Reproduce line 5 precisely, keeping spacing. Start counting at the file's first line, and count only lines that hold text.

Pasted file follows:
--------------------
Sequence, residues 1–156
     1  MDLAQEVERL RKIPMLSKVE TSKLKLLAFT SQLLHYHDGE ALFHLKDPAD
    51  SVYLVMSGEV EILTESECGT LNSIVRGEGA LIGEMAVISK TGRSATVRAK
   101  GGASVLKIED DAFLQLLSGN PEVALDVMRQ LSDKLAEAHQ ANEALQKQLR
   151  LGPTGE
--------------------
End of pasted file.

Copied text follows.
   151  LGPTGE